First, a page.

SINCE BEFORE the dark ages, stained glass has transmitted and transmuted light in marvelous and mysterious ways.

In medieval cathedrals, stained-glass windows gave mortals sitting on hard seats a glimpse of the glorious light of heaven.

Authorities presume the art of architectural stained glass goes back to antiquity, though its origin is lost. The best-known existing examples are the 12th-century windows at St. Denis, Chartres, Bourges and Poitlers, France; Canterbury Cathedral in England and Strasbourg in Germany.

During the 19th century, stained glass came down to earth for use in the home. Sparked by the renewed interest in medieval tradition, much good work was done by William Morris of the English Pre-Raphaelites who triggered the Arts and Crafts movement.

Fanlights above the front door, insets in and around front windows and doors and portholes on the stairs were embellished with colored glass framed with lead. Ruby, emerald, topaz and other gemstone glass also ornamented furniture, including the famed Tiffany lamps, as well as weathervanes, cabinet doors, inkwells and a myriad more objects.

Today, once again, stained glass has become a part of the general scene - especially in California, where the light is especially brilliant (on non-smog days of course). The West Coast stained-glass enthusiasm seems to have really gotten well under way about two or three years ago. In Washington, perhaps, the stained-glass revival resulted from the rowhouse remodeling fever. The taste for stained glass results from more than nostalgia. Translucent glass catches and seems to magnify the small amount of light available to the rowhouse. On a crowded urban street the colored and patterned glass blocks out the view of an objectionable high-rise or the neighbor's garbage dump.

The colors can be tricky, sending rainbows across the floor, changing interior color schemes, flushing people's faces with red. The effect changes every minute or second, as clouds pass over the sun and the moon waxes and wanes, or the street light flickers and goes out.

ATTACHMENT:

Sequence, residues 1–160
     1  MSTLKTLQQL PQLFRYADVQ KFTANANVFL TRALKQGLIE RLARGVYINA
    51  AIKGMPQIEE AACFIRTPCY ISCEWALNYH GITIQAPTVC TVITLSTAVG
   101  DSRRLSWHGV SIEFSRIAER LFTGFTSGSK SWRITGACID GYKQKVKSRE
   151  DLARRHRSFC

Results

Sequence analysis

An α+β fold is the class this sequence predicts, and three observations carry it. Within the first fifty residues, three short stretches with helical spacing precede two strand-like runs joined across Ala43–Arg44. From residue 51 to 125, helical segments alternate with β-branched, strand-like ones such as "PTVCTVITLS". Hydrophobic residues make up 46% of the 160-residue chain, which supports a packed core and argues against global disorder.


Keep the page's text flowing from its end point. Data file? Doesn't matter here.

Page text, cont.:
The art of stained glass is changing. Traditionally, an easel artist designed the cartoon or master sketch to be executed by a stained-glass craftsworker. Today, the stained-glass artist is most likely to be his own craftsman, or at least he works along with his staff is putting the pieces together.

The Renwick Gallery has just opened a show (through Feb. 19) portraying the stained-glass maker as an independent artist, free of the constraints of the door frame or the window sash. Here the emphasis is all on the design. But the artists are also revealed as technical innovators. Sandblasting, double and triple glaring, applied lead lines, sheet lead, lenses, shaped metal armatures, photographic processes, painting and mirrors are all used today - sometimes all in one piece. What artists/craftsmen are getting away from is the 10th-century efforts to paint on stained glass, instead of putting together the design out of units of glass.

The works are intended to be hung as paintings (they must have backlighting) in a serious way as the works of art they are. But as art they are more than painting because they have a depth not possible with paint and canvas.

Most of the pieces in the Renwick show owe great debts to the hard edge painting trends of our day. Pop, op, surrealism, expressionism, realism, cubism, abstractism - all these are found as influences on the work.

Lloyd Herman, director of the Renwick Gallery, is to be commended for adding Sal Fiorito of Washington, S. Gilberson Prewitt of Alexandria and Randy Swell of Bethania, N.C., to the 10 artists chosen by the organizer of the show, the New York Museum of Contemporary Crafts. The Contemporary Crafts Museum too often overlooks artists/craftsmen working from Washington and the South.

The southern works are as good, if not better, than any of the others in the show - pointing out the truism that it is not enough to be from the West Coast, you must also have talent.

Sal Fiorito's studio is just off Dupont Circle. His stained-glass pictures have been seen here at the WPA gallery on F Street NW. One of his most interesting works in the Renwick show is made of many different kinds of leaded galss: mechanical glass, German, French, antique glass and prism. The design is alternate stripes or rather bands with an inset shaped like a man's profile. The cross hatchings of the mechanical glass makes for unusual effects. A more realistic piece of his, almost a fool-the-eye, is a joke about stained-glass windows. It looks as though it were a blind with a pot of flowers in front and a plant behind. He has taught a good many classes in stained-glass work for the Smithsonian Associates.